Date Published: March 29, 2017
Publisher: Public Library of Science
Author(s): Tara Hunt, Coralie J. Wilson, Peter Caputi, Alan Woodward, Ian Wilson, Martin Voracek.
Suicide signs have been identified by expert consensus and are relied on by service providers, community helpers’ and family members to identify suicidal men. Whether signs that are reported in suicide literature accurately describe male presentations of suicidality is unclear. A systematic review of the literature was conducted to identify male-specific signs of current suicidality and identify gaps in the literature for future research. Searches through Medline, CINAHL, PsychInfo and the Behavioral Sciences Collection, guided by the PRISMA-P statement, identified 12 studies that met the study eligibility criteria. Although the results generally reflected suicide signs identified by expert consensus, there is little research that has examined male-specific signs of the current suicidal state. This review highlights the need for scientific research to clarify male presentation of suicidality. Implications for future research to improve the prompt identification of suicidal men are discussed.
Suicide is a leading cause of death worldwide, with 8 females and 15 males per 100 000 taking their own life by suicide in 2012 . In higher socio-economic countries, such as Australia, there is a pronounced gender disparity with men three times more likely to take their own lives than women [1,2]. Factors contributing to this gender disparity include: men having increased access to more lethal means than women ; traditional male gender roles ; and male socialisation, including the reluctance to seek help . Given the significant hazards associated with not detecting those experiencing current suicidality, the assumptions underlying current suicide intervention strategies warrant examination.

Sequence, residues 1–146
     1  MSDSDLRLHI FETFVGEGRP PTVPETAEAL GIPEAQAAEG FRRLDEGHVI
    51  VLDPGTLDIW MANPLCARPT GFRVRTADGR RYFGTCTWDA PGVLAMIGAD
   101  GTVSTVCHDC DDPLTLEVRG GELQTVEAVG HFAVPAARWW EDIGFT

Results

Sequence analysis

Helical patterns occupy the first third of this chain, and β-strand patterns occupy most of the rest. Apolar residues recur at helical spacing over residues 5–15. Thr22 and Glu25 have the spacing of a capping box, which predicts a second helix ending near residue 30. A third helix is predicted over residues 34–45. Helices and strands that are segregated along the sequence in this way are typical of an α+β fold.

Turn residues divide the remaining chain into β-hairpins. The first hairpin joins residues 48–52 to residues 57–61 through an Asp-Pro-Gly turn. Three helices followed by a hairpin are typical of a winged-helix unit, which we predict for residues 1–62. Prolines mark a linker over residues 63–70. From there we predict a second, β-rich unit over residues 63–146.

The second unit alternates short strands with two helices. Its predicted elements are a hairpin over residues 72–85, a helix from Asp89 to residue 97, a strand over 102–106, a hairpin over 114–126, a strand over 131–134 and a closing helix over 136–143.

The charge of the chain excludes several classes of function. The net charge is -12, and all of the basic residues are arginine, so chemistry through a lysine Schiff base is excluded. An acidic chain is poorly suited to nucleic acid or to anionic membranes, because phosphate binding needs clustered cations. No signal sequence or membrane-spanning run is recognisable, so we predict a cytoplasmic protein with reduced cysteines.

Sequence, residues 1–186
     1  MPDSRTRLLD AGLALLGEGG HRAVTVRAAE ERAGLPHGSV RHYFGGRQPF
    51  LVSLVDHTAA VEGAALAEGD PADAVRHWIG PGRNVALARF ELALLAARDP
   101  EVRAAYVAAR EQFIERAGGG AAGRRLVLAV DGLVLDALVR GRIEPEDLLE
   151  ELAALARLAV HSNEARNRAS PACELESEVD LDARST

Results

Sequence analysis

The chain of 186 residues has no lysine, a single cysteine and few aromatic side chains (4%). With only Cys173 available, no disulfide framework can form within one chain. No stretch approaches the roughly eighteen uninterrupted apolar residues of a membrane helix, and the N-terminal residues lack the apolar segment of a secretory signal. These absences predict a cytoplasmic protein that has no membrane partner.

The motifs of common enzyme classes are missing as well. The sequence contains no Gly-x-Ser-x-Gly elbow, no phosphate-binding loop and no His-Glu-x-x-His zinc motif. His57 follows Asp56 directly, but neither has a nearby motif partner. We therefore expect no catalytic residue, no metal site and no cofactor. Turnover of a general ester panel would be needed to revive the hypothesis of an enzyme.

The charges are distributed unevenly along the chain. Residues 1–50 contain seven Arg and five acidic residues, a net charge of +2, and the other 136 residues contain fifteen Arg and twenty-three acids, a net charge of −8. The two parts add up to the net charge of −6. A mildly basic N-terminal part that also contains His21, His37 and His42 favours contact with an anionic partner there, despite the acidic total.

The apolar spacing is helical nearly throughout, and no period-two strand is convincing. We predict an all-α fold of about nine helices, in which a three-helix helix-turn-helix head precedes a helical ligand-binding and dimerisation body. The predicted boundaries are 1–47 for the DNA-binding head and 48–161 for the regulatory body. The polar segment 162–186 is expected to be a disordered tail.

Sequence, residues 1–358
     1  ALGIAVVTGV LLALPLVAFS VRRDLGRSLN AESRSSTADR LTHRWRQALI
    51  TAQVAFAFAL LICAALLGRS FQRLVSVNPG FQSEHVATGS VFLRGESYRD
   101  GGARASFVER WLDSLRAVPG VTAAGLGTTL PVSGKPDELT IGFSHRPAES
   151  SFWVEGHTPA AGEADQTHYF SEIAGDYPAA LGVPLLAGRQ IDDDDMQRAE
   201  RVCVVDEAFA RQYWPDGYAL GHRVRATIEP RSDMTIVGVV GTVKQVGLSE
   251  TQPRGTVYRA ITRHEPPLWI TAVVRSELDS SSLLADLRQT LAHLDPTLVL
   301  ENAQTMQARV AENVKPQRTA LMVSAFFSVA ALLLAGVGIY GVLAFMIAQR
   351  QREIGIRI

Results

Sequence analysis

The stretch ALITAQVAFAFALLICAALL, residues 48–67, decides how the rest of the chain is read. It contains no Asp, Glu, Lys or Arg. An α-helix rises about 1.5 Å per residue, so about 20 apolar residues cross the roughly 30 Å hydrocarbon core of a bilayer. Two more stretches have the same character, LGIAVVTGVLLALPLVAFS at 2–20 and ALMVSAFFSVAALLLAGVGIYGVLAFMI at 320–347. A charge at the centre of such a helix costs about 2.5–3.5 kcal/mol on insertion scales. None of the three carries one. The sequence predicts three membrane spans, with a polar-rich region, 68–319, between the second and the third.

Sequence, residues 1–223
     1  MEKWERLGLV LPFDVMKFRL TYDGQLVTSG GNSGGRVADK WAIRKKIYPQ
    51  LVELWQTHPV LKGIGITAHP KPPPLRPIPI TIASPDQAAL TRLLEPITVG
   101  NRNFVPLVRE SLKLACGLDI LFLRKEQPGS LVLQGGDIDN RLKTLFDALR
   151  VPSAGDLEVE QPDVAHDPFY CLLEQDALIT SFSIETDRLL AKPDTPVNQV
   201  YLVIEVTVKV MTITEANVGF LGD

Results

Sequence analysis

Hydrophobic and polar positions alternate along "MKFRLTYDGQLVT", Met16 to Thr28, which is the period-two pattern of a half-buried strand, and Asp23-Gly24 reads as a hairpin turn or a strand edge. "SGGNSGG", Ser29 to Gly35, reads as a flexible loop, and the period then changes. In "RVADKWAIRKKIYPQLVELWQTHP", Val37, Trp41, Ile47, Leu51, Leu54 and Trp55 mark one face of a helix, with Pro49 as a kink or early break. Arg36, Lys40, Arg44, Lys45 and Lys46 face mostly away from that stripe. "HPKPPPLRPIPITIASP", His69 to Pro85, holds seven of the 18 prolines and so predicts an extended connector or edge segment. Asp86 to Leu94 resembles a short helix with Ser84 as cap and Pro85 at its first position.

A systematic review of the literature was conducted to identify signs of suicidal ideation, attempt, and death by suicide in men. The findings of this review broadly reflect signs of suicide that have been identified through expert consensus. However, the review also found that there is a paucity of research identifying male-specific signs of suicidal ideation, attempt and death. As suicide signs are frequently used as an educational tool to increase the suicide literacy of front-line community workers, telephone crisis operators, and the general public, future research needs to determine whether signs that are currently reported in the suicide literature are sufficient to identify suicidal men.
This review was conducted to identify signs of current suicidality in men and provide directions for future research. Without accurate information regarding signs of suicide in men, the lay public and clinicians may not be well-equipped to identify suicidal men in need for suicide intervention. Although the findings indicated general support for the signs identified by clinical consensus, this review found little research identifying signs of men experiencing current suicidality. As knowledge of suicide signs is an important feature of suicide literacy for both clinicians and the lay public, the paucity of this research is problematic. Several implications for future research were highlighted including the including the need for prospective research to identify signs of men experiencing suicidality. In order to improve the identification and response to those experiencing thoughts of suicide a nuanced approach, exploring the influence of gender, culture and other individuating factors on the expression of suicidality, must be taken.